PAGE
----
You might not think of the realm of pop music as a place where theology is discussed or unearthed. “Aren’t they all just about sex?” Well, yes. On Kiss FM they are. You won’t find much of anything there. But look at the broader sphere of pop music, not just the Billboard Hot 100. Many artists are still trying to fill the God-shaped hole in their heart.
It might seem contradictory, but some of the best theology comes from secular music, in my opinion. Oftentimes, Christian songs are basically love songs anyway. Let’s be real. The whole sloppy wet kiss thing.
A song is a song if it helps you uncover what it means to be human, wherever you find yourself in life. Songs “hit” you a certain way because where you’re at in life.
So sometimes “rah rah Jesus” worship music in church isn’t what you need. Sometimes you need something more…introspective.
How you listen to a song determines the meaning to you – that’s fairly obvious. (That’s what we’ve been talking about this whole time.) If you’re not paying attention while listening to a Christian radio station, you’ll wonder why they’re playing so many romantic songs. They just sound worse.
Which is why we have Mumford & Sons.
Mumford has been giving us solid theology ever since Sigh No More (“Awake my Soul,” anyone? They literally played that at my church one time.) Their first album rocket-launched this Irish folk band into banjo-strumming stardom. Who doesn’t love a good barn-raising set to the tune of “I Will Wait?” Their music has been pure genius from the start – not only their unique musicality (which we will get to later,) but also their solid lyrics that do more than just repeat or vamp.
With their latest release in 2015 of Wilder Mind, Mumford found itself in the middle of a divided fanbase. For their new album, they decided on a new sound. They ditched the banjo for a drum machine and synth backings. The lyrics and Mumford-iness remained, but some faithful listeners were a bit…confused. Others embraced the new sound – while it’s poppier than their last two albums, it’s still Mumford. You can’t expect a band to stay the same in the midst of changing times and tastes.
Our song today comes from that controversial album, because hey, why not spice things up a bit?
Day Seven: Only Love – Mumford & Sons
“Audrey, you sure have been covering a lot of love songs.” Well, yes. I have. But they haven’t been specifically love songs, have they? Like I’ve said, there are straightforward “Ooga-chaka ooga-ooga” love songs, and there are more nuanced ones. Songs where we have to dig to find all the layers. This dig will be a bit shorter, since this song relies more heavily on instrumentation than lyrics. It’s one of the shorter ditties of the album.
We hear the familiar voice of Marcus Mumford singing about loneliness. We find him in this place a lot.
I was stuck to the spot without a friend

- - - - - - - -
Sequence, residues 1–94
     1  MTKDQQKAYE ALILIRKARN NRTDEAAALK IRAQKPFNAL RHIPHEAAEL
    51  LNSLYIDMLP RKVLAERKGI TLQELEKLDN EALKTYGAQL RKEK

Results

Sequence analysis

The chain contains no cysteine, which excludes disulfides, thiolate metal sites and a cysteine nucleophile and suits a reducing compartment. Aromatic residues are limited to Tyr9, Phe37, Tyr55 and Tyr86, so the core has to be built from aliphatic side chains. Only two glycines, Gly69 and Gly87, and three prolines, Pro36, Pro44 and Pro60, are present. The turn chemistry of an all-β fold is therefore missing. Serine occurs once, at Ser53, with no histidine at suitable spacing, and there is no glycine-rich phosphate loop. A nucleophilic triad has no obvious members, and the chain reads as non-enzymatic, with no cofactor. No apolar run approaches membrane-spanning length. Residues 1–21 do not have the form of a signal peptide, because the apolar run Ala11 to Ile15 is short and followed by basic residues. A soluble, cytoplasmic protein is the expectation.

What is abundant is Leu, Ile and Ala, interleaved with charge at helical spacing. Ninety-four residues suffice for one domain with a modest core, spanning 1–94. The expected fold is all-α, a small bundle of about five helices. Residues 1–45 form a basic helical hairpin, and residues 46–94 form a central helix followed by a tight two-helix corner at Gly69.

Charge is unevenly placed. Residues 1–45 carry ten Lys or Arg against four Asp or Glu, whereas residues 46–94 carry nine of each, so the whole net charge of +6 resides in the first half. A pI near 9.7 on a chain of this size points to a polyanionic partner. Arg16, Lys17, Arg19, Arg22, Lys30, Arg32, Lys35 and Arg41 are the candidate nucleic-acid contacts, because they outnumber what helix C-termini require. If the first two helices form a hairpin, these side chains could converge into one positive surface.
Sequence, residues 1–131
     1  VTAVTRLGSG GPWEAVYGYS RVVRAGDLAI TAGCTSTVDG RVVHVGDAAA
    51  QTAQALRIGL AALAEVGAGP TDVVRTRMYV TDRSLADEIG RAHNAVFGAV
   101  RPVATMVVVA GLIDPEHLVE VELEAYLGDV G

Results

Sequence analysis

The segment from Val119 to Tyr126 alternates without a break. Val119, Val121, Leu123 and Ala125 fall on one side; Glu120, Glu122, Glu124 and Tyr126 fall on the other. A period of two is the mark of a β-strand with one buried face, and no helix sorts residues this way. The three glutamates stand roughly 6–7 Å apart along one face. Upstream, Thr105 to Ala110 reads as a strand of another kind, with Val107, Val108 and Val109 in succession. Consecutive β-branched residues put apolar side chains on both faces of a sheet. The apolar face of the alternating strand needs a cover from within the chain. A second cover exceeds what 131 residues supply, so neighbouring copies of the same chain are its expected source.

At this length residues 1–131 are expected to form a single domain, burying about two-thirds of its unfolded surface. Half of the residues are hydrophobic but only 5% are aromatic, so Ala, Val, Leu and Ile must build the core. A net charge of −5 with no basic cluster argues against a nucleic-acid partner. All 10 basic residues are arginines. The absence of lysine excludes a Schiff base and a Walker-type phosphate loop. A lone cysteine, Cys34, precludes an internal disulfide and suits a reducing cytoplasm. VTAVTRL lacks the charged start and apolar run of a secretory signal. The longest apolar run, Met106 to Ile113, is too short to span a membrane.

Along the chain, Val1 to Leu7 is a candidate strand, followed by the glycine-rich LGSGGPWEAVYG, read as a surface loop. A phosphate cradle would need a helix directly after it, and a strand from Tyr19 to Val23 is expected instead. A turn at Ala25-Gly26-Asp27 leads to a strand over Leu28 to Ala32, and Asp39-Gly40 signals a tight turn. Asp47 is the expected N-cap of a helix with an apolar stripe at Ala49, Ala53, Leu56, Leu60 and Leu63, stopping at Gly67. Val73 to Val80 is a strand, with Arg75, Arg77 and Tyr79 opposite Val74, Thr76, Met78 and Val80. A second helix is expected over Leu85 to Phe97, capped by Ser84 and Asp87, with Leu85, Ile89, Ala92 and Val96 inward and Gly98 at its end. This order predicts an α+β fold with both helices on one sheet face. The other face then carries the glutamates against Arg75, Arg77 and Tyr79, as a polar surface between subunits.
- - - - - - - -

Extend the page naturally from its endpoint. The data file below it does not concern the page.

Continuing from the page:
These opening lines seem to point to more than a heartbreak over a girl. This guy feels totally marooned. He hungers and thirsts for human connection. Or perhaps it’s a divine connection?
I didn’t fool you but I failed you
In short, made a fool out of you
And a younger heart
And again, it smacks of a heartbreak. But it smacks of something deeper as well. Some interpret this song as a conversation between Marcus and God. Marcus wasn’t able to fool God (no one can,) but he feels that he’s let Him down.
And you saw me low
Didn’t they say
that only love would win in the end?
The person or thing that “sees” Mumford might be God. The refrain is almost a direct reference to the love chapter of the Bible. The book of Corinthians says “Love never fails.” But in this circumstance, Marcus isn’t feeling that. He’s being real and raw about his situation.
Mumford & Sons is good at not mincing their words – I remember being afraid to listen to “Little Lion Man” when I was younger because it drops a few f-bombs. Their songs have layers to them. Marcus has gone on the record and stated that he is a Christian, but just because you’re a Christian doesn’t make you exempt from the struggle – or the doubt.
How many times have you found yourself wondering if love really will win in the end? Not just in the context of relationships, either. This world can be a pretty crappy place all around. There are good days and bad days. There are trials and triumphs. And when you’re at your lowest low, it’s hard to worship God through “rah rah Jesus” music. Sometimes that’s the best time to worship by contemplating, praying, and advocating at the throne of God.
That’s why I think this song is pretty strong from a religious standpoint, even if Marcus didn’t intend for it to be. To me it’s an expression of struggling faith. To someone else, it might be a heartbroken plea to a lover.
It’s all in how you listen to it.